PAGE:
But in the past few months, Boeing’s Arlington-based defense business has landed a series of decisive blows that could signal the beginnings of a comeback.
In August, Boeing became the primary contractor on an expected $7 billion program to build drones that can refuel fighter jets in midair, something that should extend their flying range far beyond U.S. military bases. Then in late September it won a $2.38 billion contract to build replacement helicopters for the Air Force. And it won a high-stakes $9.2 billion contract to rebuild the Air Force’s training jets. Lockheed was a leading competitor for all three programs.
In a Wednesday call with investors, Boeing chief executive Dennis Muilenburg said those combined opportunities could eventually bring in $60 billion in revenue for the Chicago-based company as the government tacks on follow-up contracts. He said the Air Force’s initial $9.2 billion training aircraft contract might actually represent less than 20 percent of the program’s long-term production value and less than 10 percent of what it could eventually charge for related support services like replacing spare parts. And executives also teased the possibility that the plane could be sold internationally as a light attack aircraft.
For Boeing’s defense business, the transformation has been years in the making. In early 2016, the company appointed Leanne Caret to lead the division. Since being appointed, she has led a broader transformation of the company’s corporate bureaucracy designed to help it move faster on major opportunities, slashing layers of management and reorienting the company’s strategy.
Still, analysts are worried that Boeing might have taken on too much risk in a bid to unseat its competitor. If unanticipated costs arise during production, Boeing could have to absorb any overruns itself rather than billing it back to the government.
The Air Force said it saved a lot of money on those contracts. Boeing’s $9.2 billion training aircraft contract, for example, was originally estimated by the Air Force to cost $19.7 billion, suggesting Boeing submitted an especially low bid to capture an opportunity its investors saw as critical.
And analysts are worried because another Boeing program, the KC-46 Pegasus aerial refueling aircraft, has been subject to hundreds of millions of dollars of overruns that Boeing has had to absorb on its own. The company disclosed Wednesday that costs on that program grew by another $140 million in the past three months because of “higher-than-expected effort to meet customer requirements. “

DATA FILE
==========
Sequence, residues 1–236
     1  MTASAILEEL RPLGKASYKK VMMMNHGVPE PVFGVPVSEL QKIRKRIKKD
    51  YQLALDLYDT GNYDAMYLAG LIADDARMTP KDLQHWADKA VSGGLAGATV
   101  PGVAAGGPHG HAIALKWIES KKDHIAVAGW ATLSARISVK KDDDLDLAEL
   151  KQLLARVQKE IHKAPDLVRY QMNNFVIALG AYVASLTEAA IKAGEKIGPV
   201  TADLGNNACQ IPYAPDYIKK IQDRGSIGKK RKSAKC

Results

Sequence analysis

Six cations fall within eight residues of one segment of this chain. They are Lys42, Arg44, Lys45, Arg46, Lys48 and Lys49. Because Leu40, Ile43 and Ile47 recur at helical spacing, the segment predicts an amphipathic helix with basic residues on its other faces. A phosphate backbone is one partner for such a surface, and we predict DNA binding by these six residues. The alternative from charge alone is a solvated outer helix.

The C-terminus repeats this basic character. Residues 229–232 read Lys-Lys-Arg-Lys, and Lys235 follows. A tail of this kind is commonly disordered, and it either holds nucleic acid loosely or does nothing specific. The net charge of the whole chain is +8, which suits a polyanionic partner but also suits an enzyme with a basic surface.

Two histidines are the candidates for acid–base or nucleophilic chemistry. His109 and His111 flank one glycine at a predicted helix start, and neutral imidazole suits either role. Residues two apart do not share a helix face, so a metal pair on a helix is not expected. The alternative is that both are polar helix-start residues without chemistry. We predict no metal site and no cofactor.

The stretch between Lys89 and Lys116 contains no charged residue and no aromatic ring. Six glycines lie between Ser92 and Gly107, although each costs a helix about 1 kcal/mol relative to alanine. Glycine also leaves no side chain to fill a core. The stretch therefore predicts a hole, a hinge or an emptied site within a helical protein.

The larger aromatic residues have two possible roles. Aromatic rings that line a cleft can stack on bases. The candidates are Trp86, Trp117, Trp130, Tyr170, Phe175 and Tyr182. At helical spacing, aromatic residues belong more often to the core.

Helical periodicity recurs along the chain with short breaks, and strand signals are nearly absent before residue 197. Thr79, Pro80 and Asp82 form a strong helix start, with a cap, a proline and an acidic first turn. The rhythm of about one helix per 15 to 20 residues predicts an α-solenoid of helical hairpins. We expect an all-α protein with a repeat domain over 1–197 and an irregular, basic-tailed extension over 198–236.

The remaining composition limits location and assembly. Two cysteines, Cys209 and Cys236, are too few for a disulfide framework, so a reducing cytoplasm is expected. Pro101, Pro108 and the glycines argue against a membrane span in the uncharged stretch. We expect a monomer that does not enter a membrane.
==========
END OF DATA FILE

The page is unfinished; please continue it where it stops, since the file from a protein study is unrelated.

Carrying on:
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Lockheed Martin chief executive Marillyn Hewson drew attention to those fears when she told investors Tuesday that her company would have incurred a $5 billion loss had it met Boeing’s bid on those three programs.
“Had we matched the winning prices and been awarded the contracts, we estimate that we would have incurred cumulative losses across all three programs in excess of $5 billion, an outcome that we do not feel would have been in the best interest of our stockholders or our customers,” Hewson told investors Tuesday morning.
Boeing’s executives sought to project the opposite impression, arguing that they should be able to avoid such cost overruns because they have invested in next-generation, low-cost production techniques. They appear to be betting that the long-term rewards will outweigh any short-term hiccups.
“We see a production opportunity that is well beyond the current contract, the initial contract,” Muilenburg said. “So think of these as investments that enable a production run that begins in the early 2020s and will extend literally for decades.”
Teal Group aerospace analyst Richard Aboulafia said Boeing probably will have to deal with extra costs on its new program wins, but the company’s commercial jetliner business is doing so well that investors may barely take notice. Boeing briefly led a stock market rally this morning and has been among the top performers on Wall Street for the past two years.
“They’ll lose a few billion at least. The first phase of these contracts could be as gruesome as KC-46,” he said. “But who cares? The jetliner business has been great and is spinning off tons of cash.”